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Too Little, Too Late: Exploring the Feedback Conundrum


Abstract

This project explored staff and student perspectives on feedback to undergraduate students. It involved interviews with 10 award-winning teachers in the university; focus group interviews with students; and developmental work with selected colleagues. A key finding is that one-way transmissional feedback is severely limited, although it is prevalent because of constraints implicit within modularized higher education in research-intensive settings.

Through the project, the notion of sustainable feedback has been developed. Sustainable feedback is defined as dialogic processes and activities which can support and inform the student on the current task, whilst also developing the ability to self-regulate performance on future tasks.

Sustainable feedback encompasses the following characteristics:

  • Involving students in dialogues about learning which raise their awareness of quality performance;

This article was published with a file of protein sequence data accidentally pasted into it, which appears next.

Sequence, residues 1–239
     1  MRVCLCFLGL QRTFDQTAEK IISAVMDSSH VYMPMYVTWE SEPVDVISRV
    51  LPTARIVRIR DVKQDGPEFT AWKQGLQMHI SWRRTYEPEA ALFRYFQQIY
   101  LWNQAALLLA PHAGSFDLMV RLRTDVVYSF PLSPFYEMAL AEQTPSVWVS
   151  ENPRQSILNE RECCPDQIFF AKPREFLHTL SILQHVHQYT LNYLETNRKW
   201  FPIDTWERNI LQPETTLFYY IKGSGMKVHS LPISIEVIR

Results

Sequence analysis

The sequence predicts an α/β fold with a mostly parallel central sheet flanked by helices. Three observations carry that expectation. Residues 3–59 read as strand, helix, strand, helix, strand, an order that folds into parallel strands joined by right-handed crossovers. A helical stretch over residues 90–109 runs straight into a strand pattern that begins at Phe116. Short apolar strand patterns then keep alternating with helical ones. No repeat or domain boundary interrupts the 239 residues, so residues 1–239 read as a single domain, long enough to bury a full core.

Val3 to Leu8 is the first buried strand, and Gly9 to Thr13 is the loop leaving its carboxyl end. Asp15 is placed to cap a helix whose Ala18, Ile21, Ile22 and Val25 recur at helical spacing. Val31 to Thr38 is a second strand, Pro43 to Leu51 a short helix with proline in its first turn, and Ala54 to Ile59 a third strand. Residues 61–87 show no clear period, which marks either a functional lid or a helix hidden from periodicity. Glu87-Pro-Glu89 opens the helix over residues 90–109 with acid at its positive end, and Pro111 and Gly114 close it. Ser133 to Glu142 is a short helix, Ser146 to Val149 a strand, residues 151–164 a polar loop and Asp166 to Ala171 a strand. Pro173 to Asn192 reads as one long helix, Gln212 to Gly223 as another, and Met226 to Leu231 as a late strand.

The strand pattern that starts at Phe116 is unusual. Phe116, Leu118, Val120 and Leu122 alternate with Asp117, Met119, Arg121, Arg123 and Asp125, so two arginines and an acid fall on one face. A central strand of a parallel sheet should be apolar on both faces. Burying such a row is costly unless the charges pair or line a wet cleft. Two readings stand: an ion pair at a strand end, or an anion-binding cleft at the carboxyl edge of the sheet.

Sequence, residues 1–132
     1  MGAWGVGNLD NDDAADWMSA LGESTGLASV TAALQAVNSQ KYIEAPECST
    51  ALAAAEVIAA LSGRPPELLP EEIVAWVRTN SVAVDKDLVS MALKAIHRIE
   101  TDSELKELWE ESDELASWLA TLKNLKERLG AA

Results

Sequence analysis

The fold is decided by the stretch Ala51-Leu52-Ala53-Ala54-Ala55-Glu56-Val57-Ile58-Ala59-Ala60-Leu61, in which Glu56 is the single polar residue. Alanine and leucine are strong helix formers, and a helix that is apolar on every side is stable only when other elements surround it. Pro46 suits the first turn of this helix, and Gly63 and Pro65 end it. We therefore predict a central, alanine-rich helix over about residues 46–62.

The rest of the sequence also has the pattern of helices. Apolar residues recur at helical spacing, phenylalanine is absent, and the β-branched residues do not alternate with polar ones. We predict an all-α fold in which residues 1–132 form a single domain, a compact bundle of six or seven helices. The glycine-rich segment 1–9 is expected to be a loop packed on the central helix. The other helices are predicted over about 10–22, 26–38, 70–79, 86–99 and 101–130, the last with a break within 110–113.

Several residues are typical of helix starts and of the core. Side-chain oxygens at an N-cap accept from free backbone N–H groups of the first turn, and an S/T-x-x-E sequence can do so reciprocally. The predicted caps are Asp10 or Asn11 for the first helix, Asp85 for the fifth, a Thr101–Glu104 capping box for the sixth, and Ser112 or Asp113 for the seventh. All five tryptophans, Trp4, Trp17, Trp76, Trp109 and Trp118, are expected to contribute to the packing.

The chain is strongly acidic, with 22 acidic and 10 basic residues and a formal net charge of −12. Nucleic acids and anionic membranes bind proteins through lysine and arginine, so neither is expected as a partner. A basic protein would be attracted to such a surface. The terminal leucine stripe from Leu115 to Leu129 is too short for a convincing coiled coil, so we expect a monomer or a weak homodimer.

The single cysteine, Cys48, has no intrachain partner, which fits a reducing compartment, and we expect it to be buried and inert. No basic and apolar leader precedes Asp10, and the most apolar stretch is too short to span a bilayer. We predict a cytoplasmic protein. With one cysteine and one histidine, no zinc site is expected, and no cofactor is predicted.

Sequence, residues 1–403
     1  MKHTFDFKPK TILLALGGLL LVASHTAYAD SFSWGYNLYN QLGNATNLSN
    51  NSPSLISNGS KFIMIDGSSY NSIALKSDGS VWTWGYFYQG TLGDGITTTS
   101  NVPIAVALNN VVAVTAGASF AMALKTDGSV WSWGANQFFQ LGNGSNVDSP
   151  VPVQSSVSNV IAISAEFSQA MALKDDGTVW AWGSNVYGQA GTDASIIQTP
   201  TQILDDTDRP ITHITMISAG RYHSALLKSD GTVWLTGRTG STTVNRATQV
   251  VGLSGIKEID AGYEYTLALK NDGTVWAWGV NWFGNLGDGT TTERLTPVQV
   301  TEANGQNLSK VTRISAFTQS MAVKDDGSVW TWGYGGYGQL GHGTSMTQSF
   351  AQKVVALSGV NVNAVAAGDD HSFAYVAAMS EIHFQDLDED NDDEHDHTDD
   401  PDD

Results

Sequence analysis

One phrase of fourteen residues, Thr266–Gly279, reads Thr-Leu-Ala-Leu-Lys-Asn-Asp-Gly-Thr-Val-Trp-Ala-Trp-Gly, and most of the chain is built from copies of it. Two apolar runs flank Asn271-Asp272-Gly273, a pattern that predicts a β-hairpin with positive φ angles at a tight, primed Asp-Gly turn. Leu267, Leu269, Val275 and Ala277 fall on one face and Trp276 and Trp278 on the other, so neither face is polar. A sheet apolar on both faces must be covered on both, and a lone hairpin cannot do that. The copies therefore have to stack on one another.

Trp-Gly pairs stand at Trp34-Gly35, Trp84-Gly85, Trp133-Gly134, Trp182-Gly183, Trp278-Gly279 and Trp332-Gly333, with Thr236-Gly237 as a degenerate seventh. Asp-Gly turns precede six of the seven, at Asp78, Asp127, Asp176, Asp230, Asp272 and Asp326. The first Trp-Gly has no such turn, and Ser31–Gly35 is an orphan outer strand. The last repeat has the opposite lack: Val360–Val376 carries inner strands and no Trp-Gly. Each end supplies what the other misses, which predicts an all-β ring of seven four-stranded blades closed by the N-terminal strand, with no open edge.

• Facilitating feedback processes through which students are stimulated to develop capacities in monitoring and evaluating their own learning;
  • Enhancing student capacities for ongoing lifelong learning by supporting student development of skills for goal-setting and planning their learning.
  • Assessment task design which facilitates engagement over time in which feedback from varied sources is generated, processed and used to enhance performance on multiple stages of assignments.

Principal Investigator

Dr. D. Carless, Division of English Language Education, Faculty of EducationContact

Project level

University-level project

Project Completion

October 2010

Deliverables

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